Now Cyanide is a cool is deadly in very small doses to Eukaryota cells...but algae being prokaryotes genetically modified to produce it would simply excrete it (or can be redesigned to do so)...the rest would be done by the sun and all that algae. The Eukaryota animals in the seas would all be dead within weeks, it would be next to impossible to sop up all the algae if a) you don't know where the infection points are and b) the algae reproduces so fast and floats all over the water system that is infected.

So here's what's funny, I was just using cyanide as an easy example...turns out some algae already produce small the work of our nefarious future agent(s) is cut out for him/them! Now he/they can just enhance the existing mechanism in a species of extant poison makers and let those loose!! This is too easy!!!

Now do that AND make a bug for pigs, bees, humans at the same time....and if you think the few thousand humans that some how survive are going to reclaim the Earth ...well I think the way you gauge probability of linked events is way off, way off.

In fact the Science of pathogenic spreading is very well known...a good Scientist wouldn't have to *guess* about how effective their poison would be...they would *be able to make a very good approximation* based on delivery methods, infection points...they also know how few humans are required to ensure survival and then shape their attack to hit the goal...then it would be game over.

Again, I am an optimist (when I do thought experiments like the one above I become less and less so) but it is entirely to easy to blank ourselves from this rock.

A bit of caution may come from the so called Fermi paradox, the idea that the galaxy is to big for us to have avoided being found by some advanced alien being. The idea being that even if they don't have star drives either they or their robot creations should have reached us by now....but what if getting to that point (of leaving your rock of origin) is SO HARD that most planets that survive the rock shooting gallery that are killer ELE asteroids, exploding parent stars, radiating parent stars....non EM radiating cores to protect against stellar rays (which directly prevent formation of complex molecules of which we are made)..the minority that are in their stars habitable zones to develop our kind of life (or some other equivalent) .the minority of planets that would maybe get to bacteria from even the hundreds of billions that Kepler is telling us circles the majority of stars we can see, and the number that get to dinosaur like land animals...or get further to sentient , self aware beings....and survive their IMMEDIATE desire to create Gods to explain their survival, engage in war and genocide (as we did) and avoid killing themselves in the power of the atomic bomb discovery...or when they get to biology...and chemistry..avoiding all kind of starts to make sense why it seems we are alone....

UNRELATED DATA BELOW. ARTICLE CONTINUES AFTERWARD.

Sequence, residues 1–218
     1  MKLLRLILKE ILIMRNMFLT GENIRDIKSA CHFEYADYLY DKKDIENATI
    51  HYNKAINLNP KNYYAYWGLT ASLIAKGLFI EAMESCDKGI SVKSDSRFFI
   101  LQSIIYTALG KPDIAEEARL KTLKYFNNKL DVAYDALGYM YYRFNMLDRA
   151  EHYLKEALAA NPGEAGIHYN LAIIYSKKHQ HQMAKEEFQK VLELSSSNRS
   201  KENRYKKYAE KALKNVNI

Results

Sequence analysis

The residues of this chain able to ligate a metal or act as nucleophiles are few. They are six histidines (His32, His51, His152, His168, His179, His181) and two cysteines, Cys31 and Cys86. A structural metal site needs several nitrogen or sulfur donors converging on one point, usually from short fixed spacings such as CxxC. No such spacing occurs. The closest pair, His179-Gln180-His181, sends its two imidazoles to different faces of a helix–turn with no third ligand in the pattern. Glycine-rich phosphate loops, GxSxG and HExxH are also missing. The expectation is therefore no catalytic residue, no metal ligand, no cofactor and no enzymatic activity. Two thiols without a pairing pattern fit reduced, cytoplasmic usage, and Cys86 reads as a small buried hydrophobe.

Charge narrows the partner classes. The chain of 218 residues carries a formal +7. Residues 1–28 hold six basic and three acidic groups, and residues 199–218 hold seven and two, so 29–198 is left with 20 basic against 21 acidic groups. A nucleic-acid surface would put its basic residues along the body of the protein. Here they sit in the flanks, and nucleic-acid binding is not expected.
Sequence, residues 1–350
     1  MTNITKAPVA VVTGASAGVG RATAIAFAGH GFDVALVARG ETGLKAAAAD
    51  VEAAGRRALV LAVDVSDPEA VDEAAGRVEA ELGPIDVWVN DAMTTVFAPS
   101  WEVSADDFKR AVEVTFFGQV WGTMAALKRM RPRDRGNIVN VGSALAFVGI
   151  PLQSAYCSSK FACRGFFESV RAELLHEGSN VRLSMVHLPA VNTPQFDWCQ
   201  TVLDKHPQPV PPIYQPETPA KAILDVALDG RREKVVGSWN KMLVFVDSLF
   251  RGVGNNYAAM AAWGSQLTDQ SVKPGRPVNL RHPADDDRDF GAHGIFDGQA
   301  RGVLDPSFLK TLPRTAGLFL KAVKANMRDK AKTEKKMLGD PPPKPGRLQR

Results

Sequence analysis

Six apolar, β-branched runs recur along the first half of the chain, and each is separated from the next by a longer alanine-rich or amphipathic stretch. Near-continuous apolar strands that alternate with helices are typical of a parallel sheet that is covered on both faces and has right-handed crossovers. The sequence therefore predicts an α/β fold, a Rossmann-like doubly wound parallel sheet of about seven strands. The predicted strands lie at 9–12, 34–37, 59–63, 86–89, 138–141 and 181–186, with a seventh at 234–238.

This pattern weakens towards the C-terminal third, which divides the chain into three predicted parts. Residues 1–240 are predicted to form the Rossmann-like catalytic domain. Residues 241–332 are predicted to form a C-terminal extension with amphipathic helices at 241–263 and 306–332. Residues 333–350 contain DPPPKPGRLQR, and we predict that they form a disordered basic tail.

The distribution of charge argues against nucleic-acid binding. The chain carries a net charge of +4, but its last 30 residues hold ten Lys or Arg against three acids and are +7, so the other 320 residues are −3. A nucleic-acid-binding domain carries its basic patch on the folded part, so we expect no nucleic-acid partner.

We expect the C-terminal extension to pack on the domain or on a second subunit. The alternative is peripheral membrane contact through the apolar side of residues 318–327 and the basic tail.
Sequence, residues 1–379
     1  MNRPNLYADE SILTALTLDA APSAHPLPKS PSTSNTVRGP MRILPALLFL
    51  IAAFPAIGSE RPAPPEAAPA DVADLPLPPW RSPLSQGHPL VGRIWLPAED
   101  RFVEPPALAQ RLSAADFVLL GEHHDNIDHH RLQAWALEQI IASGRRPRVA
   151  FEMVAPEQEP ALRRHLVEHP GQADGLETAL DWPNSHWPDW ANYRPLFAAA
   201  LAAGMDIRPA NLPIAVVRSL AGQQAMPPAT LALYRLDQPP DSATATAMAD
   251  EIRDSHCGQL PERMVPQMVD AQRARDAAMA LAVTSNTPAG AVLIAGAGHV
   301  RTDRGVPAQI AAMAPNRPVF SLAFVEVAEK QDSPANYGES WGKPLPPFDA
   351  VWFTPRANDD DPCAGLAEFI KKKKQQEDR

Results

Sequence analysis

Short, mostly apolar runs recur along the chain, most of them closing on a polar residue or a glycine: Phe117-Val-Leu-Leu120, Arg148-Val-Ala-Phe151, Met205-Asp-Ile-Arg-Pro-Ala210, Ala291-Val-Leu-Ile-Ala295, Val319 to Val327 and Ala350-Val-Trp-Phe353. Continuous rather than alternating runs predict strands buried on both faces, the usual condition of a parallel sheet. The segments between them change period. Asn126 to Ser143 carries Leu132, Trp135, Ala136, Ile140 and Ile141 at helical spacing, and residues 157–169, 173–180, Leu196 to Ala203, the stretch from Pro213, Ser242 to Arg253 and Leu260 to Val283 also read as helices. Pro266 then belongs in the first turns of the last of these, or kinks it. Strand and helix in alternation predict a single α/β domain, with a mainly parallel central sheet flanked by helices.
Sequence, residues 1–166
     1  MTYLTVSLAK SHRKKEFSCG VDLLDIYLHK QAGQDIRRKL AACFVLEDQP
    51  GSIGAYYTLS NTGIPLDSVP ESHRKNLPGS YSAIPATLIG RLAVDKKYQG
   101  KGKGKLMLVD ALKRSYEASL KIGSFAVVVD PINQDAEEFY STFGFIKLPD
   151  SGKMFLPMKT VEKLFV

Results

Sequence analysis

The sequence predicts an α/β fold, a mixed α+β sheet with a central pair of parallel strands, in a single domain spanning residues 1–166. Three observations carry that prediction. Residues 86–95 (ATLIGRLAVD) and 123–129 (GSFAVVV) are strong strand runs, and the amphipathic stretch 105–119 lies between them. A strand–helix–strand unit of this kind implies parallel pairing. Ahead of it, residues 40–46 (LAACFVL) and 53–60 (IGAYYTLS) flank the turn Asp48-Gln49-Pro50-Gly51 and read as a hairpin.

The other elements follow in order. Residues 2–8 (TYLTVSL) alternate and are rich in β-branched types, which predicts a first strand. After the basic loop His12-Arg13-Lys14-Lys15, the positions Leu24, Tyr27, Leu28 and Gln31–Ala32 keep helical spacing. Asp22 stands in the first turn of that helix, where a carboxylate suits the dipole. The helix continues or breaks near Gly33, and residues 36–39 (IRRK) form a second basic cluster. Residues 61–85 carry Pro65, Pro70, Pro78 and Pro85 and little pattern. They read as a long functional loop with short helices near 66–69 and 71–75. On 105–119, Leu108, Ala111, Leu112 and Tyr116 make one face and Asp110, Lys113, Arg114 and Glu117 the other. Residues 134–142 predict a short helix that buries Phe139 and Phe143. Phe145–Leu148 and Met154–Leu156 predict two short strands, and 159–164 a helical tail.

...we just may be *at this level of development* right at the point where we, playing planetary Russian ourselves with the one bullet in the chamber using our barbaric culture and religion to fuel or advanced genetic and biological possibly countless millions of planets that luckily got to this point did before us.  So much for that paradox."



healy said…
"60% of humans, 70% of bees and 80% of chicken and pigs outright in a few weeks"

Wait wait wait a minute. You can take my compatriots. You can take my chicken and honey. But don't you dare touch my BACON!

David said…